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I've been trawling SO for a couple of hours tonight looking for some answers, but I've not found anything that really answers what I'm after. My apologies if it has, in fact, been answered already.

I'm designing a new website and I'm trying to decide on the architecture to use to serve the content. In the past, my websites have used PHP feeding data into Smarty templates.

However, recently at my work, I've been working on a Java web application where jQuery was used to retrieve the data from a RESTful API (which returned JSON), where HTML template pages were used as the base and javascript was used (utilising jQuery) to fill in the content.

My question:

The website I'm designing will be in PHP, but would it be better to construct (or use an existing) RESTful API or to continue on as I've done before feeding the data into Smarty templates?

Are there real benefits to one or the other, or does it just come down to developer preference/experience?

If it helps, the website will be for a church, where the content types will be CMS-like; news/announcements, wiki-like pages, and a limited type of social networking (for the minister to communicate with parishioners).

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1 Answer 1

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Short answer: It sounds like filling the content with JavaScript would not be useful in your case. Loading the data with JavaScript is adding a layer of complexity with minimal or no benefit (in your case). Take a look at CMSs and websites that have similar functionality to what you're doing. WordPress, Drupal, etc.

For an example of when it might be useful to load data with JavaScript, check out the tags section on this site. When you search for a tag it queries the server without reloading the page. However, the initial tag list is loaded during the initial page load without any JS.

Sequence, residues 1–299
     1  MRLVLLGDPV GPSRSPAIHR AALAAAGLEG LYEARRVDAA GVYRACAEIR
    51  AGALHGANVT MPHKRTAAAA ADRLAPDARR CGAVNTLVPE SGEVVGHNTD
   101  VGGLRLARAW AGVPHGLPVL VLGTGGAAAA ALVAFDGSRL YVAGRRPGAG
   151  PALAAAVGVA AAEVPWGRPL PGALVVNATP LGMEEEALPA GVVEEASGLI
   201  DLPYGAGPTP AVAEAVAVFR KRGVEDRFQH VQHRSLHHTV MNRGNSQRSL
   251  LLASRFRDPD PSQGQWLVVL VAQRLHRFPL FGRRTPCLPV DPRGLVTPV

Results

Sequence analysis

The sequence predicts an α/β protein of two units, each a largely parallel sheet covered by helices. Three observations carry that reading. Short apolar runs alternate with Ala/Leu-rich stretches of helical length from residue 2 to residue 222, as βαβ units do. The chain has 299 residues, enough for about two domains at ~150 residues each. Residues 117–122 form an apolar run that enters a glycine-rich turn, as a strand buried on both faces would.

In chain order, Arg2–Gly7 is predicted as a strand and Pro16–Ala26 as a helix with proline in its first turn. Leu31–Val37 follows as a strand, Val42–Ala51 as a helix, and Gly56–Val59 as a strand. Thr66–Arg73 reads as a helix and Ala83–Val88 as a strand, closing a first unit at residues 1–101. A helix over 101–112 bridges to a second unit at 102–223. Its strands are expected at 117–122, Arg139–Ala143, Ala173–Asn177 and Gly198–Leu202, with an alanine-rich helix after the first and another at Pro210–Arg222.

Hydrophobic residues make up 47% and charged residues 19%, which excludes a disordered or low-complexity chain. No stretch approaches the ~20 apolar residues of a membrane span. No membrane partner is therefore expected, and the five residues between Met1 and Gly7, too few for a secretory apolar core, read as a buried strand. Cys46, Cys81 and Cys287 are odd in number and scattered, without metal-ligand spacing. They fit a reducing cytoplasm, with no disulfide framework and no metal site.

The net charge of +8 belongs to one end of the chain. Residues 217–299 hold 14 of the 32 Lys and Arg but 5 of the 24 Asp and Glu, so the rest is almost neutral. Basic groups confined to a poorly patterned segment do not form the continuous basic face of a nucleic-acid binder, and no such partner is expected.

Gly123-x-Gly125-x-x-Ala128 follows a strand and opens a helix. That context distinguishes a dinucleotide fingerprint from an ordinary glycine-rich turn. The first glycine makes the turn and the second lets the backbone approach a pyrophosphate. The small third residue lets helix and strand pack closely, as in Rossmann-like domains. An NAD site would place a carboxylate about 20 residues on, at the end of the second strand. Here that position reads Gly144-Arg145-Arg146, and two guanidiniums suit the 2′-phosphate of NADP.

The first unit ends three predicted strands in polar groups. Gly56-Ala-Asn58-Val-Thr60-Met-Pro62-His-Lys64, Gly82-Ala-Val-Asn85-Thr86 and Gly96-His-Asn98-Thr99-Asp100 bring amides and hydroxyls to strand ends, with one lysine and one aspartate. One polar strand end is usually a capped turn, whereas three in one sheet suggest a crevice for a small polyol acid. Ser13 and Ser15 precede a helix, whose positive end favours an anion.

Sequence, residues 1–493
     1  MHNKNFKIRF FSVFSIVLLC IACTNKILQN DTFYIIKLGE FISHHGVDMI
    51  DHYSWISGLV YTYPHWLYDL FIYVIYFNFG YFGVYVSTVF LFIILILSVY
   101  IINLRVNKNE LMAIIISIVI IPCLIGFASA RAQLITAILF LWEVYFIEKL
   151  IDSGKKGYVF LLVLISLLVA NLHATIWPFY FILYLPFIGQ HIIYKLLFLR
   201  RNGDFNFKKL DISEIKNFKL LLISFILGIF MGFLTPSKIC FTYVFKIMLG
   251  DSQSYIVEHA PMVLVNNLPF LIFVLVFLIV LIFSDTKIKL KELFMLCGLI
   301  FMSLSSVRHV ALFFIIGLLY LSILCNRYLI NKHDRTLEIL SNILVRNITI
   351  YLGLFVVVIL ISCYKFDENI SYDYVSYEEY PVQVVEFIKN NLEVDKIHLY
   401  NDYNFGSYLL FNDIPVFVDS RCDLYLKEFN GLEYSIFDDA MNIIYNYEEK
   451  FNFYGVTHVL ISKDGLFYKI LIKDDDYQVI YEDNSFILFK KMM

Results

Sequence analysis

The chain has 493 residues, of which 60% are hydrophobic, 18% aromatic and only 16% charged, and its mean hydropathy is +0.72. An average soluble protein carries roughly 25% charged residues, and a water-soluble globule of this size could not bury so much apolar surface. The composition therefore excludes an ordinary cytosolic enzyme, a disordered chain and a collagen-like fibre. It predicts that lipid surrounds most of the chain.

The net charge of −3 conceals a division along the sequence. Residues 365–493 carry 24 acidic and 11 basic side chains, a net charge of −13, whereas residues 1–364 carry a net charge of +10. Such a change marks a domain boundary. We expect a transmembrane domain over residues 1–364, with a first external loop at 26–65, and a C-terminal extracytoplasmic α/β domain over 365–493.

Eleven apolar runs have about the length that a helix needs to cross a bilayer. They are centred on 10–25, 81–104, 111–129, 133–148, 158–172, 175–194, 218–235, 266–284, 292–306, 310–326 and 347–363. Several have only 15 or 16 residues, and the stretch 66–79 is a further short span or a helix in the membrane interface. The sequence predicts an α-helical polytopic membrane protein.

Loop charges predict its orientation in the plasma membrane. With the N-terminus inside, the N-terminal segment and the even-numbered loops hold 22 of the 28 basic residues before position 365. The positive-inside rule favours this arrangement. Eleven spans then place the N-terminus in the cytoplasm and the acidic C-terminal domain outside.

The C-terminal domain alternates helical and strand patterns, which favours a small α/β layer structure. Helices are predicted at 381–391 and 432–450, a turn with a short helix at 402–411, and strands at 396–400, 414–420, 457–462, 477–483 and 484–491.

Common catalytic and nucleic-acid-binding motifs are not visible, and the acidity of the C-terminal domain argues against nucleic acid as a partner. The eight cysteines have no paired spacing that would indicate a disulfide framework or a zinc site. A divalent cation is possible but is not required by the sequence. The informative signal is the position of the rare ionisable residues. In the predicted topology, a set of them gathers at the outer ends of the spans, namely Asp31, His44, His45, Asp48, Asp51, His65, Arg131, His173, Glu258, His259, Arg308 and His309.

Here are some cases where you might benefit from loading information with JS:

  • There is some data that will take longer to load. For example, you're getting data from a web service. Using the traditional method, you would need all the data you need for the page to be available before it can be displayed. If you loaded that data with JavaScript, the page could load and the slow data would appear when it returns. Realistically, you would probably just cache the data but this is just an example.
  • You will be getting more data as the user stays on the page. You might want to update the page without refreshing.
  • You want the user to be able to query more data without refreshing the page.
  • Your users have limited bandwidth (mobile).
  • This site has more guidelines: http://www.oracle.com/technetwork/articles/javase/index-137171.html
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Thanks for your answer. It sounds like that the RESTful functionality would be better suited as a supplementary feature, assisting in UI and navigational assistance, rather than the main content delivery? –  Cyntech Oct 13 '10 at 23:41
    
Yeah, that's my opinion on the subject for the majority of web sites. Every application is different though. Gmail is an example of a web app that loads pretty much all the content via Ajax. –  Uriah Oct 14 '10 at 0:44

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